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DES GB 11 Magazin en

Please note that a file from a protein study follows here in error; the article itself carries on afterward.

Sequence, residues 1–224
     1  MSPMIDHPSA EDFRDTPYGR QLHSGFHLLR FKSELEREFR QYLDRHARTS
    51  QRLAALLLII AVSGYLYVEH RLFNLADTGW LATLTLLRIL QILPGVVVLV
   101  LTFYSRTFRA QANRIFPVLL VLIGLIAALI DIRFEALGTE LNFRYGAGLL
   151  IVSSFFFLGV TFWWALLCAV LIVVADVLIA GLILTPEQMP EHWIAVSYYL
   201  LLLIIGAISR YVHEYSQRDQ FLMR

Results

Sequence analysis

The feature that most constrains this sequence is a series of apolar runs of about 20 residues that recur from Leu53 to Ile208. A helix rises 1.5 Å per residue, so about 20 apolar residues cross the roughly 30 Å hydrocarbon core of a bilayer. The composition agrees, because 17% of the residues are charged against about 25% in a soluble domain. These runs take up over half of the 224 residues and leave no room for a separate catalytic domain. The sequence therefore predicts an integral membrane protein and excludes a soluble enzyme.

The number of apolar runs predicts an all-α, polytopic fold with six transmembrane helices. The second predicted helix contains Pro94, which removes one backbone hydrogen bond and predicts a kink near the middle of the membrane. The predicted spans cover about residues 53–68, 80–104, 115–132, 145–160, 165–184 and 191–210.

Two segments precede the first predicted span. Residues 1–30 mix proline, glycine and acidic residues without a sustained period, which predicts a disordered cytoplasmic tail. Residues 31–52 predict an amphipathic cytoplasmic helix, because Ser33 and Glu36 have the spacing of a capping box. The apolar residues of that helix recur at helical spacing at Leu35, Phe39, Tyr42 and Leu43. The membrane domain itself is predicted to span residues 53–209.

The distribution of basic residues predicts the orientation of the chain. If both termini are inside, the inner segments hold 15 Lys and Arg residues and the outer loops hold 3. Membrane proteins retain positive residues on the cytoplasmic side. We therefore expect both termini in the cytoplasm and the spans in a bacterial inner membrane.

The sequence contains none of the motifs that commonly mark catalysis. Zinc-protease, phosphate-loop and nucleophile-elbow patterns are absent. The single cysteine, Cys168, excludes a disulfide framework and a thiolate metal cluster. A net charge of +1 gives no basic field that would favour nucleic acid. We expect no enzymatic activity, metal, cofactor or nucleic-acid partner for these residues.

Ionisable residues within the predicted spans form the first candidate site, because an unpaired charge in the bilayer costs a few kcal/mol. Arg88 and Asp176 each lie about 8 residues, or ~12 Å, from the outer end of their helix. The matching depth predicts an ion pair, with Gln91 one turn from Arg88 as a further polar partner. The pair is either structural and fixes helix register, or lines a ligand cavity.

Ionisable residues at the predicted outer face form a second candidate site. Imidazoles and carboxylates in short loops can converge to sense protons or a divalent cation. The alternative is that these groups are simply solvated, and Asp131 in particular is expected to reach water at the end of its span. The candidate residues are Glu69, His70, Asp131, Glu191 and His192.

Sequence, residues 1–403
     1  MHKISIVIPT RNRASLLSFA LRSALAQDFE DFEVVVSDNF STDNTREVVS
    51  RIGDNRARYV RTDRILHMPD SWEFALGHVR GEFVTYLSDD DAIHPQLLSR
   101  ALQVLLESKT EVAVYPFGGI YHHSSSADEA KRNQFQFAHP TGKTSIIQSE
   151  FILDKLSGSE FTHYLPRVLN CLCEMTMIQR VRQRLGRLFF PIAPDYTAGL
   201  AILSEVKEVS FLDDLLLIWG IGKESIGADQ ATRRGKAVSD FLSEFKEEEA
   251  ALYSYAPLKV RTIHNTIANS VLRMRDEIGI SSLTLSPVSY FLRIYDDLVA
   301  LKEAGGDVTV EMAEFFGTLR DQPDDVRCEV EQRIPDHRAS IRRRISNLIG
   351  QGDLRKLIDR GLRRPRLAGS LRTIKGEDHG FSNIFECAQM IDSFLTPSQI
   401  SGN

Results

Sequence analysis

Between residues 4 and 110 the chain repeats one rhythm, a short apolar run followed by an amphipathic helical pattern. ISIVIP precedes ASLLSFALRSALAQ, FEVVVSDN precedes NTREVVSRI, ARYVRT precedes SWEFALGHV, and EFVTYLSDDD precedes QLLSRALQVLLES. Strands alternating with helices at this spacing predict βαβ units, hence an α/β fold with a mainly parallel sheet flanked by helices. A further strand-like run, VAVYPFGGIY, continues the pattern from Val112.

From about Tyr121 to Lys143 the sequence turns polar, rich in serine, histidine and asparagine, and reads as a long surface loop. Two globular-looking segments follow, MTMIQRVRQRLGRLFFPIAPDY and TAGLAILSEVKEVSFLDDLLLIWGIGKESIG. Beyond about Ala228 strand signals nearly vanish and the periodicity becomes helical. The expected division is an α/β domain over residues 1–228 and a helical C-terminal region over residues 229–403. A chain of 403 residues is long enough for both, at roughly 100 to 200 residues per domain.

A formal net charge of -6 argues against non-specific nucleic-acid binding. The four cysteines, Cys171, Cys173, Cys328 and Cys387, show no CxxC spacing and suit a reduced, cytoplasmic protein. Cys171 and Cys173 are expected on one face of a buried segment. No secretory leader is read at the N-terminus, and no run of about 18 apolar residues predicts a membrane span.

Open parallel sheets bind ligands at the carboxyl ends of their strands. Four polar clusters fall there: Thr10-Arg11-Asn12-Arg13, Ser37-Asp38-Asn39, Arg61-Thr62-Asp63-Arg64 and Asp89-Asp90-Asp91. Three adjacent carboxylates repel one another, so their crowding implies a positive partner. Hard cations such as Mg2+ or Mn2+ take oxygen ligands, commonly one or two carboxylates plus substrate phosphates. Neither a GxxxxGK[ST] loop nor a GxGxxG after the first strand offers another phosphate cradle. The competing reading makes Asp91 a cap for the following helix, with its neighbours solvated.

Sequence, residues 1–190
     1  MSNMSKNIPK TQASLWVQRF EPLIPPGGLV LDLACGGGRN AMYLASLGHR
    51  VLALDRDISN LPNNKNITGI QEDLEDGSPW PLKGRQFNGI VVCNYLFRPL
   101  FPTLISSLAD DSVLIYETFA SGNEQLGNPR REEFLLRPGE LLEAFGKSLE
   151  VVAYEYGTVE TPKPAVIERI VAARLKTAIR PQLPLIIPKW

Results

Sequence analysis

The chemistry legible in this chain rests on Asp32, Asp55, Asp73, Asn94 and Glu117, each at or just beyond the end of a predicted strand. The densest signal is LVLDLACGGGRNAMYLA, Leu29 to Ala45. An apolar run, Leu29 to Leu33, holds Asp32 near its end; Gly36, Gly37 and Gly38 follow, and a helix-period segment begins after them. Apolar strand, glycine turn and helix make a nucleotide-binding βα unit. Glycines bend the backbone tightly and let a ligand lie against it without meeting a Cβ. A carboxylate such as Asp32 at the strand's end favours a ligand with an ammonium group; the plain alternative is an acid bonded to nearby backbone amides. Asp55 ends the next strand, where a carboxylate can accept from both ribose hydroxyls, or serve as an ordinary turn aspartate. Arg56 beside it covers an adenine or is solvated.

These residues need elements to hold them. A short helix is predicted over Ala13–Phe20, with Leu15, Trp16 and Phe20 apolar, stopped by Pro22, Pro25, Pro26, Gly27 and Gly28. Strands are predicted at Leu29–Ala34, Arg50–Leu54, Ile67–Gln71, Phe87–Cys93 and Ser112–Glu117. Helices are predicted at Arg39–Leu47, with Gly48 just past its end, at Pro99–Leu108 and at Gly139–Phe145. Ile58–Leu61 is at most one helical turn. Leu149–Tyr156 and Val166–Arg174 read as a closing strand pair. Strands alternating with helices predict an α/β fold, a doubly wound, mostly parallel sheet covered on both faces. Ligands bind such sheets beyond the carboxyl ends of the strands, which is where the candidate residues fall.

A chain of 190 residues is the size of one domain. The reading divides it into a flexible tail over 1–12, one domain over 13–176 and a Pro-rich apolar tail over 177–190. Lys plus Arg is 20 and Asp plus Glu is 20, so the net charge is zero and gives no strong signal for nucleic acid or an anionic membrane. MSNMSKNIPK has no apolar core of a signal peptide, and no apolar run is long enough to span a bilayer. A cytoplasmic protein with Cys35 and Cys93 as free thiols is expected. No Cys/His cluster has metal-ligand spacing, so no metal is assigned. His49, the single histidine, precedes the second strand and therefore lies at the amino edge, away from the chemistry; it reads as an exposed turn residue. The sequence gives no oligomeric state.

Greater differentia- tion of formats and an unending variety of shop concepts can be expected in the future: from nos- talgic book shops to per- sonalised high-tech stores, and from local weekly markets to virtual shopping centers. The challenge shared by all retailers is to have an awareness of what the function of a shop really is. The days of simply holding stock in a prime location are definitely over. And the likelihood is that we will need less straightforward retail space. Instead, shops must increasingly play to their original strength as social meeting places, a local first port of call and a real showroom in a world that consumers increasingly perceive as a virtual one. That will of course always be a balancing act, as even the “third place” offering a high quality of experience must ultimately pay the rent. Will people in 10 or 20 years’ time really be content to only interact online when they shop? Despite the growth in online shopping, that appears unrealistic from today’s vantage point. Nevertheless, we cannot deny the reality of the online evolution. Rather, retailers need to find intelligent strategies for supplementing “clicks” with “bricks”. If in future consumers can photograph any item (such as the shoes or handbags of passers by) they see on the street using their mobile phone, then for tra- ditional retailers the route to the store could become their greatest enemy. There is only one solution: to seize the new technologies, but intelligently so. There is a great deal that is already technically feasible today. But the more important question is what really makes sense from a customer perspective. And if 21st century consumers find it too iso- lating to shop with a pixellated basket, if time is too short to com- pare prices online, if social media recommendations become too confusing, then they will learn to value the local corner shop again – retailers that do not waste custo- mers’ time but instead add value by enriching or simplifying their lives. However, shop owners should not hope for too much in the way of nostalgia. Although a handful of small, high-end record shops are popping up on the streets again, farmers’ markets are pro- ving popular and weekly markets are delive- ring an inspiring shopping experience, these are profitable niches, but remain marginal. Retailers that are able to meld the real and the virtual at least as well as their customers are already doing have the greatest potential. BRICKS OR CLICKS? BOTH! pare prices online, if social media GDI Gottlieb Duttweiler Institute The GDI is a leading Swiss economic and social thinktank. It regularly conducts research into and publishes papers on consumer and retail issues. The GDI hosts international conferences and also acts as an event venue. You can find more information and photo- graphs at www.gdi.chgraphs at www.gdi.chgraphs at Further reading Martina Kühne, “The Story of Unstoring – Weshalb der Laden kein Laden mehr ist” (The Story of Unstoring – Why a Shop Is No Longer a Shop), GDI study no. 33, 2010, TIP 44 DES Annual Report 2011 THE CENTERS shops in the future